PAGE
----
Winter 2017 Publications Catalog Page 21 Books / eBooks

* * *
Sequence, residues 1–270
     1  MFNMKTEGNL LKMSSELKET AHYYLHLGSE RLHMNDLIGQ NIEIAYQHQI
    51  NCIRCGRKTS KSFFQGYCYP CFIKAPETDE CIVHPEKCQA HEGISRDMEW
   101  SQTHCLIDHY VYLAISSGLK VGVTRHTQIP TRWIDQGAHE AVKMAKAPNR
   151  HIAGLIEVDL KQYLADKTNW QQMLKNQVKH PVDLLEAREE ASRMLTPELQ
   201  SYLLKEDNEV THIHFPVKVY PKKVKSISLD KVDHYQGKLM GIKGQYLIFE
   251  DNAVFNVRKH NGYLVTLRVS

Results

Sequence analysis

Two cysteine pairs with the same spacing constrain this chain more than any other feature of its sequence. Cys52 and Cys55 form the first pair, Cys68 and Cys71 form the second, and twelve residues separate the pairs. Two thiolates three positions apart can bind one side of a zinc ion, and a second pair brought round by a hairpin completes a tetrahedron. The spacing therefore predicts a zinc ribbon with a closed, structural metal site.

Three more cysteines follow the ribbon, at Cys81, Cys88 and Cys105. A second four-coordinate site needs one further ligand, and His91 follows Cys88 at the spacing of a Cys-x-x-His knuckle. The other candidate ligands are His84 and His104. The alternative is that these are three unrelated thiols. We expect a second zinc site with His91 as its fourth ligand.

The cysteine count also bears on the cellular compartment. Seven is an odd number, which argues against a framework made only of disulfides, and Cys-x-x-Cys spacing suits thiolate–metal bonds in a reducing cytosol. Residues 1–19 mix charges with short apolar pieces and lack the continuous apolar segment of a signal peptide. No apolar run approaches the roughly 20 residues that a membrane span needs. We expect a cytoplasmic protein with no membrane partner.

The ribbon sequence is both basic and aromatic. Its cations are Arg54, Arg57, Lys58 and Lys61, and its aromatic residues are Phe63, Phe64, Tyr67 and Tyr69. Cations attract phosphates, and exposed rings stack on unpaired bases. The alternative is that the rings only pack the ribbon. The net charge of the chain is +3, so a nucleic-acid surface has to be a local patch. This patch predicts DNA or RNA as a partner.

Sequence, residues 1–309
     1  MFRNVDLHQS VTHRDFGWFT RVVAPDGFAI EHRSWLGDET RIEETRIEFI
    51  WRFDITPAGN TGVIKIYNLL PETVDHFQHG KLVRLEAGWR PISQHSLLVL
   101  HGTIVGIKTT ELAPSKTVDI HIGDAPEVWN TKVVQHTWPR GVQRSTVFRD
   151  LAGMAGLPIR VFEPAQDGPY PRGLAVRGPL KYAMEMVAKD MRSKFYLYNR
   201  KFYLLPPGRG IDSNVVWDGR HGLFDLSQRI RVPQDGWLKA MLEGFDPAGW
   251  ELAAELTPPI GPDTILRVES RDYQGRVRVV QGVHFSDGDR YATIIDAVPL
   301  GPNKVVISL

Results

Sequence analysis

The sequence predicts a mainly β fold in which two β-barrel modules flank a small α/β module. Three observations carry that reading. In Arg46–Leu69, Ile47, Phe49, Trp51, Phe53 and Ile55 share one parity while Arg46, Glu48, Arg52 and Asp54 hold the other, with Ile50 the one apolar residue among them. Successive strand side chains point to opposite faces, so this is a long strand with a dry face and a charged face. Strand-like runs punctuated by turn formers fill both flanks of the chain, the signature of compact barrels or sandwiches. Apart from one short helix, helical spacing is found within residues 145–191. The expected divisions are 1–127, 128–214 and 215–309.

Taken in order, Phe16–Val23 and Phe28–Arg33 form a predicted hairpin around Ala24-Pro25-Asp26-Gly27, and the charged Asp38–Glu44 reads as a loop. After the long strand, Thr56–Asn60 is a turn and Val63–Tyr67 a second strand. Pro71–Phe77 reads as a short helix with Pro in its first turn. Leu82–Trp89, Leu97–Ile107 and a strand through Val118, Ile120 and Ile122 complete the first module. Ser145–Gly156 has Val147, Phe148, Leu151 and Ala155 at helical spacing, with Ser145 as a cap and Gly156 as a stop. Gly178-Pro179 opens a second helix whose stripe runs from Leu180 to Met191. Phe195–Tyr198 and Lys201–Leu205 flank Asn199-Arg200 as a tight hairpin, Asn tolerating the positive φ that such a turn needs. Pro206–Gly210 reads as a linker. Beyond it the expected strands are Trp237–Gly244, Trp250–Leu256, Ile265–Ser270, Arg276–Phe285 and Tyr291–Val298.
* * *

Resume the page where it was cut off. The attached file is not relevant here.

BOOKS/eBOOKS Order at shop.aap.org/books or call toll-free 888/227-1770. ALL PRICING AND SPECIFICATIONS IN THIS CATALOG ARE SUBJECT TO CHANGE WITHOUT NOTICE. 21 Neonatal Resuscitation eBook Collection Available exclusively from the AAP! aapebooks.org A site license subscription gives your entire organization access to the essential Neonatal Resuscitation eBook Collection, which includes the following titles: Textbook of Neonatal Resuscitation , 7th Edition (English and Spanish) Guidelines for Perinatal Care, 7th Edition PCEP: Neonatal Care, 3rd Edition PCEP: Specialized Newborn Care, 3rd Edition Guidelines for Air and Ground Transport of Neonatal and Pediatric Patients, 4th Edition The eBook collection is available exclusively from the AAP, and new editions will be automatically added to the site license. To learn more about the Neonatal Resuscitation eBook Collection, please contact institutions@aap.org. NRP Reference Charts Quick, one-stop guide to neonatal resuscitation steps. Choose from 3 convenient formats. Wall Chart (22" x 34") Printed on flexible plastic with self-adhesive mounting strips. NRP325 ISBN 978-1-61002-028-2 Single unit price: $22.95 10 or more price each: $20.95 Code Cart Card (8" x 11") Self-adhesive strips ease on-cart mounting. NRP326 NRP327 ISBN 978-1-61002-029-9 ISBN 978-1-61002-031-2 Single unit price: $6.95 Pack of 5 price: $27.95 Pocket Card (4" x 6") Great take-along for students. NRP328 NRP329 ISBN 978-1-61002-032-9 ISBN 978-1-61002-033-6 Single unit price: $4 Pack of 10 price: $27.95 2016 American Academy of Pediatrics and American Heart Association NRP325 The recommendations in this publication do not indicate an exclusive course of treatment or serve as a standard of medical care. Variations, taking into account individual circumstances, may be appropriate. Neonatal Resuscitation Program - Reference Chart The most important and effective action in neonatal resuscitation is ventilation of the baby's lungs. Antenatal counseling. Team briefing and equipment check. Term? Tone? Breathing or crying? Apnea, gasping, or HR below 100 bpm? HR below 100 bpm? Check chest movement. Ventilation corrective steps if needed. ETT or laryngeal mask if needed. Intubate if not already done. Chest compressions. Coordinate with PPV. 100% O 2 . ECG monitor. IV epinephrine. If HR persistently below 60 bpm: consider hypovolemia, consider pneumothorax. HR below 60 bpm? PPV. Sp O 2 monitor. Consider ECG monitor. Position and clear airway. Sp O 2 monitor. Supplemental O 2 as needed. Consider CPAP. Post-resuscitation care. Team debriefing. Warm and maintain normal temperature, position airway, clear secretions if needed, dry, stimulate. Labored breathing or persistent cyanosis? Birth Stay with mother for routine care: Warm and maintain normal temperature, position airway, clear secretions if needed, dry, ongoing evaluation. No 1 minute No Yes Pre-ductal Sp O 2 Target 1 min 2 min 3 min 4 min 5 min 10 min 60%-65% 65%-70% 70%-75% 75%-80% 80%-85% 85%-95% A Airway Place head in "sniffing" position. Suction mouth, then nose. B Breathing If apneic, gasping, or HR <100 bpm, give PPV at 40-60 breaths/min. Listen for rising heart rate for first 15 seconds of PPV. If HR not rising and chest not moving with PPV, do MR. SOPA until chest moves with PPV for 30 seconds. Attach pulse oximeter; consider cardiac monitor. Intubate or place laryngeal mask and give PPV for 30 seconds prior to starting compressions. Use CO 2 detector after intubation or insertion of laryngeal mask. C Circulation Start compressions if HR is <60 bpm after 30 seconds of PPV with chest movement. Check HR every 60 seconds. Cardiac monitor is preferred method for assessing HR during CPR. Give 3 compressions: 1 breath every 2 seconds. Use 100% oxygen. Compress one-third of the anterior-posterior diameter of the chest. D Drugs Give epinephrine if HR is <60 bpm after 60 seconds of CPR. Caution: epinephrine dosage is different for ET and IV routes. MR. SOPA Corrective Steps M and R Mask adjustment, reposition airway S and O Suction mouth and nose, open mouth P Pressure increase A Alternative airway (ET tube or laryngeal mask) Endotracheal Intubation Gestational Age (weeks) Depth of Insertion at Lips (cm) Weight (g) ET Tube Size (ID, mm) 23-24 5.5 500-600 Size 2.5 <1,000 g or <28 weeks 25-26 6.0 700-800 27-29 6.5 900-1,000 Size 3.0 1,000-2,000 g or 28-34 weeks 30-32 7.0 1,100-1,400 33-34 7.5 1,500-1,800 Size 3.5 >2,000 g or >34 weeks 35-37 8.0 1,900-2,400 38-40 8.5 2,500-3,100 41-43 9.0 3,200-4,200 3.5-4.0 Shaded table adapted from Kempley ST, Moreira JW, Petrone FL. Endoracheal tube length for neonatal intubation. Resuscitation. 2008;77(3):369-373. Medications Used During or Following Resuscitation of the Newborn Medication Dosage/Route* Wt (kg) Total Volume (mL) Precautions Epinephrine 1:10,000 (0.1 mg/mL) 0.1 to 0.3 mL/kg Intravenous (preferred route) 1 2 3 4 0.1-0.3 0.2-0.6 0.3-0.9 0.4-1.2 Give rapidly; follow IV dose with 0.5-1 mL normal saline flush. Repeat every 3 to 5 minutes if HR <60 with chest compressions. After ET dose, may give IV epinephrine as soon as IV route is established. 0.5 to 1 mL/kg Endotracheal (acceptable until IV established) 1 2 3 4 0.5-1 1-2 1.5-3 2- 4 Volume expanders Normal saline O-negative PRBC 10 mL/kg IV 1 2 3 4 10 20 30 40 Not responding to steps of resuscitation and has signs of shock or history of acute blood loss. Give over 5 to 10 minutes. * Note: Endotracheal dose may not result in effective plasma concentration of drug, so vascular access should be established as soon as possible. Drugs given endotracheally require higher dosing than when given intravenously. dicate an e count indiv and Americ R below 100 bpm? chest m n correc needed ngeal m f not alr compre inate w 100% O CG mon epineph stently b er hypo er pneum below 60 elow 60 Post-resuscitation care No es Endotracheal Intubation ht E ( 0 00 S < 0 00 0 000 0 S 1 ,4 ,40 00 ,8 ,80 00 S > ,4 ,40 00 , ,10 00 ,2 ,20 00 3 n ndo orach heal u ut tion ns a ap pidl ly; f a al sali ine a at e eve ery 3 c co omp pres E ET T do ose, a as IV r rout e esp pon ndin a as s sig gns lo oss. . ov ve er 5 5 to oss sible e. Dr Neonatal Resuscitation Program - Reference Chart The most important and effective action in neonatal resuscitation is ventilation of the baby's lungs. 2016 American Academy of Pediatrics and American Heart Association NRP326 The recommendations in this publication do not indicate an exclusive course of treatment or serve as a standard of medical care. Variations, taking into account individual circumstances, may be appropriate. Antenatal counseling. Team briefing and equipment check. Term? Tone? Breathing or crying? Apnea, gasping, or HR below 100 bpm? HR below 100 bpm? Check chest movement. Ventilation corrective steps if needed. ETT or laryngeal mask if needed. Intubate if not already done. Chest compressions. Coordinate with PPV. 100% O 2 . ECG monitor. IV epinephrine. If HR persistently below 60 bpm: consider hypovolemia, consider pneumothorax. HR below 60 bpm? PPV. Sp O 2 monitor. Consider ECG monitor. Position and clear airway. Sp O 2 monitor. Supplemental O 2 as needed. Consider CPAP. Post-resuscitation care. Team debriefing. Warm and maintain normal temperature, position airway, clear secretions if needed, dry, stimulate. Labored breathing or persistent cyanosis? Birth Stay with mother for routine care: Warm and maintain normal temperature, position airway, clear secretions if needed, dry, ongoing evaluation. No 1 minute No Yes Pre-ductal Sp O 2 Target 1 min 2 min 3 min 4 min 5 min 10 min 60%-65% 65%-70% 70%-75% 75%-80% 80%-85% 85%-95% A Airway Place head in "sniffing" position. Suction mouth, then nose. B Breathing If apneic, gasping, or HR <100 bpm, give PPV at 40-60 breaths/min. Listen for rising heart rate for first 15 seconds of PPV. If HR not rising and chest not moving with PPV, do MR. SOPA until chest moves with PPV for 30 seconds. Attach pulse oximeter; consider cardiac monitor. Intubate or place laryngeal mask and give PPV for 30 seconds prior to starting compressions. Use CO 2 detector after intubation or insertion of laryngeal mask. C Circulation Start compressions if HR is <60 bpm after 30 seconds of PPV with chest movement. Check HR every 60 seconds. Cardiac monitor is preferred method for assessing HR during CPR. Give 3 compressions: 1 breath every 2 seconds. Use 100% oxygen. Compress one-third of the anterior-posterior diameter of the chest. D Drugs Give epinephrine if HR is <60 bpm after 60 seconds of CPR. Caution: epinephrine dosage is different for ET and IV routes. MR. SOPA Corrective Steps M and R Mask adjustment, reposition airway S and O Suction mouth and nose, open mouth P Pressure increase A Alternative airway (ET tube or laryngeal mask) Endotracheal Intubation Gestational Age (weeks) Depth of Insertion at Lips (cm) Weight (g) ET Tube Size (ID, mm) 23-24 5.5 500-600 Size 2.5 <1,000 g or <28 weeks 25-26 6.0 700-800 27-29 6.5 900-1,000 Size 3.0 1,000-2,000 g or 28-34 weeks 30-32 7.0 1,100-1,400 33-34 7.5 1,500-1,800 Size 3.5 >2,000 g or >34 weeks 35-37 8.0 1,900-2,400 38-40 8.5 2,500-3,100 41-43 9.0 3,200-4,200 3.5-4.0 Shaded table adapted from Kempley ST, Moreira JW, Petrone FL. Endoracheal tube length for neonatal intubation. Resuscitation. 2008;77(3):369-373. Medications Used During or Following Resuscitation of the Newborn Medication Dosage/Route* Wt (kg) Total Volume (mL) Precautions Epinephrine 1:10,000 (0.1 mg/mL) 0.1 to 0.3 mL/kg Intravenous (preferred route) 1 2 3 4 0.1-0.3 0.2-0.6 0.3-0.9 0.4-1.2 Give rapidly; follow IV dose with 0.5-1 mL normal saline flush. Repeat every 3 to 5 minutes if HR <60 with chest compressions. After ET dose, may give IV epinephrine as soon as IV route is established. 0.5 to 1 mL/kg Endotracheal (acceptable until IV established) 1 2 3 4 0.5-1 1-2 1.5-3 2- 4 Volume expanders Normal saline O-negative PRBC 10 mL/kg IV 1 2 3 4 10 20 30 40 Not responding to steps of resuscitation and has signs of shock or history of acute blood loss. Give over 5 to 10 minutes. * Note: Endotracheal dose may not result in effective plasma concentration of drug, so vascular access should be established as soon as possible. Drugs given endotracheally require higher dosing than when given intravenously. 9 781610 020299 90000> ISBN 978-1-61002-029-9 Pediatrics and American Heart Association NRP326 The recommendations in this publication do not ind treatment or serve as a standard of medical care. Va individual circumstances, may be appropriate. R below 100 bpm? chest movement. n corrective steps if needed. ngeal mask if needed. if not already done. t compressions. dinate with PPV. 100% O 2 . CG monitor. epinephrine. stently below 60 bpm: der hypovolemia, er pneumothorax. below 60 bpm? PPV. p O 2 monitor. der ECG monitor. Position and clear airway. Sp O 2 monitor. Supplemental O 2 as needed. Consider CPAP. Post-resuscitation care. Team debriefing. No Yes Pre-ductal Sp O 2 Target 1 min 2 min 3 min 4 min 5 min 10 min 60%-65% 65%-70% 70%-75% 75%-80% 80%-85% 85%-95% M and R Mask adjustment, reposition airway S and O Suction mouth and nose, open mouth P Pressure increase A Alternative airway (ET Alternative airway (E tube tube or lar laryngeal m EndotrachealIntubati Endotracheal Intubation Gestational Age (weeks) Depth of Insertion n at Lips (cm) We eigh ht ( (g) ET T (ID, 23-24 5.5 5 500 0-60 00 Size <1,0 25-26 6.0 7 700 0-80 00 27-29 6.5 9 900- -1,0 000 Size 1,00 30-32 7.0 1,1 100 0-1, ,400 33-34 7.5 1,5 500 0-1, ,800 Size >2,0 35-37 8.0 1,9 900 0-2, 2,400 38-40 8.5 2,5 500 0-3, 3,100 41-43 9.0 3,2 200 0-4, 4,200 3.5- Shaded table adapted from Kempley ST, Moreira JW, , Petron one F FL. En ndorac cheal tub Resuscitation. 2008;77(3):369-373. Medications Used During or Following Resuscitation of the Newborn Medication Dosage/Route* Wt (kg) Total Volume (mL L) Pr Preca aution ns Epinephrine 1:10,000 (0.1 mg/mL) 0.1 to 0.3 mL/kg Intravenous (preferred route) 1 2 3 4 0.1-0.3 0.2-0.6 0.3-0.9 0.4-1.2 Gi Give r rapid dly; follo no orm mal sal line flu Re Repe eat eve very 3 to ch hest t comp pressio Af After r ET do ose, ma so oon as IV route i 0.5 to 1 mL/kg Endotracheal (acceptable until IV established) 1 2 3 4 0.5-1 1-2 1.5-3 2-4 Volume expanders Normal saline O-negative PRBC 10 mL/kg IV 1 2 3 4 10 20 30 40 N Not re respon nding t an nd h has sig gns of s bl blood d loss. s. Gi Give o over 5 5 to 10 *Note: Endotracheal dose may not result in effective plasma concentration of drug, so vascular access should be establishe ed as s soon n as p possibl ble. Drugs dosing than when given intravenously. 9 781610 0 ISBN 978- Antenatal counseling. Team briefing and equipment check. Term? Tone? Breathing or crying? Apnea, gasping, or HR below 100 bpm? HR below 100 bpm? Check chest movement. Ventilation corrective steps if needed. ETT or laryngeal mask if needed. Intubate if not already done. Chest compressions. Coordinate with PPV. 100% O 2 . ECG monitor. IV epinephrine. If HR persistently below 60 bpm: consider hypovolemia, consider pneumothorax. HR below 60 bpm? PPV. Sp O 2 monitor. Consider ECG monitor. Position and clear airway. Sp O 2 monitor. Supplemental O 2 as needed. Consider CPAP. Post-resuscitation care. Team debriefing. Warm and maintain normal temperature, position airway, clear secretions if needed, dry, stimulate. Labored breathing or persistent cyanosis? Birth Stay with mother for routine care: Warm and maintain normal temperature, position airway, clear secretions if needed, dry, ongoing evaluation. No 1 minute No Yes Pre-ductal Sp O 2 Target 1 min 2 min 3 min 4 min 5 min 10 min 60%-65% 65%-70% 70%-75% 75%-80% 80%-85% 85%-95% Neonatal Resuscitation Program - Reference Chart The most important and effective action in neonatal resuscitation is ventilation of the baby's lungs. MR. SOPA Corrective Steps M and R Mask adjustment, reposition airway S and O Suction mouth and nose, open mouth P Pressure increase A Alternative airway (ET tube or laryngeal mask) Endotracheal Intubation Gestational Age (weeks) Depth of Insertion at Lips (cm) Weight (g) ET Tube Size (ID, mm) 23-24 5.5 500-600 Size 2.5 <1,000 g or <28 weeks 25-26 6.0 700-800 27-29 6.5 900-1,000 Size 3.0 1,000-2,000 g or 28-34 weeks 30-32 7.0 1,100-1,400 33-34 7.5 1,500-1,800 Size 3.5 >2,000 g or >34 weeks 35-37 8.0 1,900-2,400 38-40 8.5 2,500-3,100 41-43 9.0 3,200-4,200 3.5-4.0 Shaded table adapted from Kempley ST, Moreira JW, Petrone FL. Endoracheal tube length for neonatal intubation. Resuscitation. 2008;77(3):369-373. ati ti io on n Program - Re Re ef feren ence ce C ce Ch e Chart iv ve e a ac ction in n in in neonat nat atalre alresu al resu l resuscit scitat scitati citationisv on is ventilation of the baby's A NEW! 1 Neonatal Resuscitation Program Key Behavioral Skills Know your environment. Use available information. Anticipate and plan. Clearly identify a team leader. Communicate effectively. Delegate the workload optimally. Allocate attention wisely. Use available resources wisely. Call for additional help when needed. Maintain professional behavior. 2 3 4 5 6 7 8 9 10 The recommendations in this publication do not indicate an exclusive course of treatment or serve as a standard of medical care. Variations, taking into account individual circumstances, may be appropriate. Copyright 2016 by Stanford University. Stanford University permits copying and distribution of these materials to benefit instructors, providers, patients and their families. However, Stanford University does not permit anyone to alter these materials in any way, or charge for them, without written permission. 2016 American Academy of Pediatrics and American Heart Association NRP330 NRP Behavioral Skills Poster Enhance trainee skills during simulation and debriefing. Review with your trainees the key behavioral skills that contribute to enhanced communication, team- work, and resuscitation performance. Printed on flexible plastic with adhesive mounting. Size: 17" x 22" NRP330 ISBN 978-1-61002-034-3 Price: $22.95 NRP Equipment Poster Simulate a realistic delivery room setting during your NRP training courses with the all-new NRP Equipment Poster , featuring images of a manometer, oxygen blender, pulse oximeter, and more. Printed on canvas with self- adhesive mounting strips. Size: 22" x 24" NRP331 ISBN 978-1-61002-035-0 Price: $49.95 NRP Pin NRP332 Pack of 25 price: $49.95 NRP334 Single pin price: $6 NEW! APLS: The Pediatric Emergency Medicine Resource, 5th Edition Produced through collaboration between the AAP and American College of Emergency Physicians This comprehensive reference on pediatric emergency medicine is a full-color teaching and learning system for physicians, students, residents, nurses, and APLS course directors and instructors. NEW SPANISH EDITION! Hardcover, 2011-535 pages Hardcover, 2016-535 pages MA0623 MA0810 ISBN 978-1-44963-777-4 ISBN 978-1-28404-970-1 Price: $119.95 Member Price: $95.95 Price: $110.95 Member Price: $88.95 taking into viders, patients tten permission. 2016 American Academy of Pediatrics and American Heart Association NRP33 0 Effective January 1, 2017, all NRP courses must use the 7th edition materials. NEONATAL RESUSCITATION PROGRAM